6/29/2014 8:01 P.M. ET
Escobar tests sore shoulder with catch
By David Wilson / MLB.com
BALTIMORE -- After the Rays beat the O's, 12-7, on Sunday, Rays manager Joe Maddon said that Yunel Escobar would go through a full pregame warmup on Monday. The Rays are not bringing an extra player to New York, so they're not anticipating a stint on the disabled list for the shortstop.
After swinging the bat on Saturday, Escobar played catch before the game on Sunday to test his sore right shoulder.
Escobar hasn't seen action since leaving Tuesday's loss to the Pirates in the eighth inning. The righty hasn't had an MRI or X-ray on the shoulder.
"[Head athletic trainer Ron Porterfield] did not feel it was necessary," Maddon said.
McGee could ride curveball to Midsummer Classic
BALTIMORE -- When Jake McGee threw a curveball to strike out Manny Machado to seal the Rays' 5-4 win against the Orioles at Camden Yards on Saturday, the rest of Major League Baseball was put on notice.
The relief pitcher was already a possible All-Star while throwing exclusively fastballs. An effective breaking ball makes him even more dangerous.
"I don't know how much people use the conventional scout in the stands anymore," Rays manager Joe Maddon said, "but through the wonderful world of video, I'm sure they have all that already."
One out away from his second save in as many days, McGee stared down Machado, who had homered earlier in the game.
With the count at 1-2, McGee wanted to try his curve, but catcher Ryan Hanigan called for a fastball. The lefty missed his spot to even the count at 2-2.
"I wanted one before," McGee said, "then I missed up and away, and [Hanigan] was like, 'All right, let's go curveball.'"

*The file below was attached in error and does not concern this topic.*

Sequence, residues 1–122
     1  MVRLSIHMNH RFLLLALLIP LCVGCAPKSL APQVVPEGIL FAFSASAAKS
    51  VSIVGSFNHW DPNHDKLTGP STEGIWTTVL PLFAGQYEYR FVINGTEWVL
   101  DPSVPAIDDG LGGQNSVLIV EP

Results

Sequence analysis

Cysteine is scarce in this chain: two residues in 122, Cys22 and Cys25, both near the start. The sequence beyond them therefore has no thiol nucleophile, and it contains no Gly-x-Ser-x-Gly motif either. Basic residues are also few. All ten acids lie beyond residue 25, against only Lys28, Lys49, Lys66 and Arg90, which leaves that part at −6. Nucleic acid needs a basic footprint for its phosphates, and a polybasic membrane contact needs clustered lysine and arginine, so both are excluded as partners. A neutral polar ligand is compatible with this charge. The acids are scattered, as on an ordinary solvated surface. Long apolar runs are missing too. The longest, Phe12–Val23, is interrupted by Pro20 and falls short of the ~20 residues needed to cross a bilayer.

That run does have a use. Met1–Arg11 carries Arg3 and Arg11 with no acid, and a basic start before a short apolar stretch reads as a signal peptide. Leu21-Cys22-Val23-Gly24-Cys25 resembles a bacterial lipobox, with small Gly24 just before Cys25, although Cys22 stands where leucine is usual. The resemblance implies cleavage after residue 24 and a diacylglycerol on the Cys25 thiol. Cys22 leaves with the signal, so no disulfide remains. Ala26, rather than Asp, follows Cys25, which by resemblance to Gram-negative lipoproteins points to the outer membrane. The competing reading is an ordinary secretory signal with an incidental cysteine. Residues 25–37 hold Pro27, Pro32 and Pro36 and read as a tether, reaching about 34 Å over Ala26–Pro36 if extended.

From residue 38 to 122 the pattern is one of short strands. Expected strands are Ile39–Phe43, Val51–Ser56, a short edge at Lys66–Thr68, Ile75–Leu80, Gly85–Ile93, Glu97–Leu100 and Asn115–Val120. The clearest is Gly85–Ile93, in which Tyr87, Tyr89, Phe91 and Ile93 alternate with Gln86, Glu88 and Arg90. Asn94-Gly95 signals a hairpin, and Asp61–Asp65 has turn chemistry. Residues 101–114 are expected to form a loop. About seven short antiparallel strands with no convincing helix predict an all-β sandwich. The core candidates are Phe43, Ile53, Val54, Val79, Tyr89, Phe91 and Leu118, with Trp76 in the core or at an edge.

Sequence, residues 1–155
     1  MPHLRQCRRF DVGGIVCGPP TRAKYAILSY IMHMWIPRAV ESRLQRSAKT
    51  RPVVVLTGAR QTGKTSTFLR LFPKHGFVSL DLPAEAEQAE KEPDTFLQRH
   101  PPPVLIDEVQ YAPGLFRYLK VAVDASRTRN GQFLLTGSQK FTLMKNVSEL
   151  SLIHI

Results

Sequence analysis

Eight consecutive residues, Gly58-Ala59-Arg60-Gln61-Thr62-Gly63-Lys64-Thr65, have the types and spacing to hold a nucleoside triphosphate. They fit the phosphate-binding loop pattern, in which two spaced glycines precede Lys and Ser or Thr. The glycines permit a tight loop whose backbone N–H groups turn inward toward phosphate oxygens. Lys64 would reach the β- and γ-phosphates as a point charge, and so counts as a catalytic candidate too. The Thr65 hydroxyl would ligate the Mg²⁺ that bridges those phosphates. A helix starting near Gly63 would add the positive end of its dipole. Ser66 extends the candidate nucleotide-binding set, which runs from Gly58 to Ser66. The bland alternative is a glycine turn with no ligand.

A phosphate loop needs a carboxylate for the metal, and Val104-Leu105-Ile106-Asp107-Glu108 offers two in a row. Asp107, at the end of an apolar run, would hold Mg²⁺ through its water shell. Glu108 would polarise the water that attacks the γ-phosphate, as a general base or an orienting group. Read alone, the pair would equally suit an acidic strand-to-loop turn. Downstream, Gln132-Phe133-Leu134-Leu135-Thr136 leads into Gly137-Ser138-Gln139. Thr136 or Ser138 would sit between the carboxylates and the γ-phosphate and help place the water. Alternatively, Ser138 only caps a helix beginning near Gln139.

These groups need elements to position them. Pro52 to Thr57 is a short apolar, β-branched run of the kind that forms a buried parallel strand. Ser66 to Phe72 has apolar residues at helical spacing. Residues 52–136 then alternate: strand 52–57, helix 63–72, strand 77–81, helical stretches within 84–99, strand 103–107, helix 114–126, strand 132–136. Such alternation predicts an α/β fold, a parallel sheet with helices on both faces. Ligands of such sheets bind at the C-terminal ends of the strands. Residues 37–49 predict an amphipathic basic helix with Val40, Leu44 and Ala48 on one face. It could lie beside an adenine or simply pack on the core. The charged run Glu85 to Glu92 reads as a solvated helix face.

At first it felt like a risk. He knew if he hung the pitch, then the Orioles' third baseman could tie the game with one swing.
"So I was like, 'If I throw it low -- even if I bounce it at 50 feet -- it's a different pitch,'" McGee said.
A year ago, McGee occasionally used his slider as a strikeout pitch. On 2-2 counts, when he could afford to throw a ball, he would try to get opposing hitters to chase.
Too often, though, it would lead to big hits. In 2013, he allowed a career-high eight home runs.
"My curveball, I feel more comfortable, like I can use it when I want to use it more than my slider," McGee said. "I gave up a lot of home runs on it and stuff, and I stayed away from it a lot, but my curveball has enough break to where I'm not going to get beat with it a lot. I'll maybe get a dribbler here and there, but I'm not going to give up a big home run more often than [with] my slider."
Even without a quality secondary pitch for much of the season, McGee has held opposing hitters to just a .158 average while posting a 1.27 ERA. This season, he's yet to allow a homer entering play Sunday.
McGee certainly has All-Star-caliber stuff -- Maddon has been outspoken in support of his candidacy. An extra pitch to go along with a high-90s fastball could help him sustain this level of production.
"To be able to lace that within the other stuff that he's doing with the fastball," Maddon said, "it makes the fastball closer to 100."
Fans can cast their votes for starters at MLB.com -- online or on a mobile device -- using the 2014 All-Star Game MLB.com Ballot Sponsored by Experian until Thursday, July 3, at 11:59 p.m. ET. The 2014 All-Star Game will be played at Target Field on Tuesday, July 15 on FOX.
• Jeremy Hellickson played catch on Sunday and will throw a bullpen session on Monday in St. Petersburg. The starting pitcher is recovering from offseason right elbow surgery and left his last rehab for Triple-A Durham on Saturday after just three innings for precautionary reasons.
• With one game left in June, Rays pitchers have 278 strikeouts in the month -- just eight shy of the Major League record of 286 for any team in any month, set by the Cubs in August of 2002.
• Kevin Kiermaier is just the second Tampa Bay player with 31 hits and five home runs in his first 35 MLB games, joining fellow outfielder Wil Myers.
David Wilson is an associate reporter for MLB.com. This story was not subject to the approval of Major League Baseball or its clubs.